This ramp must have a slope of 1:12 and should not go steeper than 1:48. A detectable warning device with bumps and a contrasting color must also be included on the curb ramp.

How To Repair Sidewalks for ADA Compliance

  • Concrete Leveling

Professional concrete leveling services can lift up sunken sidewalk slabs to even out the slope and eliminate trip hazards, without the need for replacement.

  • Fill Gaps and Cracks

Filling openings in the sidewalk with flexible concrete caulk can seal up cracks, gaps, or joints to prevent trip hazards and wheelchair casters from getting caught.

  • Resurfacing

Adding a non-slip or textured coating on top of slippery walkways can help make them ADA-compliant. 

  • Replacement

While the most expensive and time-consuming option, replacing the concrete will allow you to rework the sidewalk altogether to adhere to all ADA requirements from the get-go.

When Is ADA Compliance Required?

The ADA applies to many organizations and businesses. These include all state, county, and local government agencies, places of public accommodation (e.g. stores, bars, theaters), commercial facilities, and transportation facilities.

Some examples of these places are:

  • Retail stores 
  • Restaurants
  • Hospitals
  • Factories
  • Airports
  • Hotels
  • Office buildings

Note: Federal government agencies are not required to adhere to the ADA. Instead, they’re covered by the Architectural Barriers Act, which are different but similar standards.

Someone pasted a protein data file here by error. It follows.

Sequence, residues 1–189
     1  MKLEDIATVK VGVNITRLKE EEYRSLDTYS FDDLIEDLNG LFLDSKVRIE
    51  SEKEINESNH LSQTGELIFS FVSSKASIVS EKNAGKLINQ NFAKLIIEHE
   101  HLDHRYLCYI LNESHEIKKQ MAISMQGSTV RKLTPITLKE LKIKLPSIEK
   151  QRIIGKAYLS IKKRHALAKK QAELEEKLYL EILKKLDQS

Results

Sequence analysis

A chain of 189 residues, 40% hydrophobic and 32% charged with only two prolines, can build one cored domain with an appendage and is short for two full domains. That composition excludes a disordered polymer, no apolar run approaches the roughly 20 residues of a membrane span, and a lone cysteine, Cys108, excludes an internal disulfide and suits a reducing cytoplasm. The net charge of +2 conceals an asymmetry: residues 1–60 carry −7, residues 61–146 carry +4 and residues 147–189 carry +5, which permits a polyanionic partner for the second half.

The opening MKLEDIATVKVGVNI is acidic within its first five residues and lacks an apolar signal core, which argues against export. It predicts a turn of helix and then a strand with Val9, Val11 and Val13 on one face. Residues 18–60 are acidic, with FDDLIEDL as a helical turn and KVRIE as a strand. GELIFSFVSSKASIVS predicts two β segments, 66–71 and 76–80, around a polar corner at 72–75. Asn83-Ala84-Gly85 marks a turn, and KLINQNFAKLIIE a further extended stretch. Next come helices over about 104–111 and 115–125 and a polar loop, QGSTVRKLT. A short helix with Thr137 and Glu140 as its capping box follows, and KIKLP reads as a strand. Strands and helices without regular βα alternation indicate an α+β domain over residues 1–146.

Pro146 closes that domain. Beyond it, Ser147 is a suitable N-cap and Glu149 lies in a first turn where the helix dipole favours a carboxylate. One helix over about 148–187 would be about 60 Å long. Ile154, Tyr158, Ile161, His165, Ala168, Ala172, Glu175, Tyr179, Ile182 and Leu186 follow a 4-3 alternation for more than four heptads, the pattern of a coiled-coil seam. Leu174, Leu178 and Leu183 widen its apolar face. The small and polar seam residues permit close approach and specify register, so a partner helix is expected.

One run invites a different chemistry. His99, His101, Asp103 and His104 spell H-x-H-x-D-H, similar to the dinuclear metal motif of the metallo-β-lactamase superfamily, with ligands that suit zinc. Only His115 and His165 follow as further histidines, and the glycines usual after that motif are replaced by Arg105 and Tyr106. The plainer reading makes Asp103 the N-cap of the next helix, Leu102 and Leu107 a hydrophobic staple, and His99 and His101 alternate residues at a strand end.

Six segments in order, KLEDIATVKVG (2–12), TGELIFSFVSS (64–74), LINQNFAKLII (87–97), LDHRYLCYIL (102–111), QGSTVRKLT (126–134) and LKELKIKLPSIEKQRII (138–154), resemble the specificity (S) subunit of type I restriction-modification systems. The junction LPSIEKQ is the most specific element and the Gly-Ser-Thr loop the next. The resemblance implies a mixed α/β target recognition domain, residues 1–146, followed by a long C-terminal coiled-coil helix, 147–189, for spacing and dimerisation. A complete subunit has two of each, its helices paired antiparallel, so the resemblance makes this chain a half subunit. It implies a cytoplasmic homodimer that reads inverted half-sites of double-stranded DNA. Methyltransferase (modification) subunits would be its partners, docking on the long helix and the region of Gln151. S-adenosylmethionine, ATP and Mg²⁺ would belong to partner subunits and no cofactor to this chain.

Who Is Exempt From ADA Compliance?

Religious organizations and private clubs don't have to follow ADA guidelines. This means places of worship, schools, and daycare centers run by religious organizations are not included. But some state or local laws may still apply to these entities. 

The ADA does not cover single-family homes, condos, or apartments that are privately owned and not used as a business. However, if there is a public place in one of those buildings like an office or hotel room, then it must follow the ADA Standards.

Note: While not required to adhere to the ADA Standards, many types of multi-family housing are subject to the Fair Housing Act design requirements.

Why Is ADA Compliance Important?

1. Fines and Legal Implications

Non-compliance with ADA standards carries severe financial consequences. Government-imposed fines can be up to $75,000 for the first violation and $150,000 for subsequent violations.

2. Community Relationships

Beyond legal ramifications, the failure to be ADA-compliant can strain relationships with customers and the community at large. It can also simply make life difficult for your neighbors, customers, or other community members.

Does Your Sidewalk Meet ADA Requirements?

Ensuring ADA compliance for your sidewalks is not just a box to check; it's a commitment to accessibility, safety, and community well-being. 

Here at A-1 Concrete Leveling, we understand the significance of these standards and are dedicated to assisting our customers in achieving ADA-compliant sidewalks through our concrete repair services, like concrete leveling and caulking.

If you’d like to learn more about how A-1’s services can help you achieve ADA-compliant sidewalks, click the link below to request a free onsite cost estimate from a member of our team!

Sarah Etler

Sarah Etler joined A-1 Concrete Leveling after receiving her Bachelor of Arts degree in English from Northern Kentucky University. As A-1's Content Marketing Manager, she works closely with industry experts to produce content that will best answer questions related to concrete repair and maintenance practices. Sarah loves living a life full of discovery and is excited every day to see what new things she can learn and share with those around her.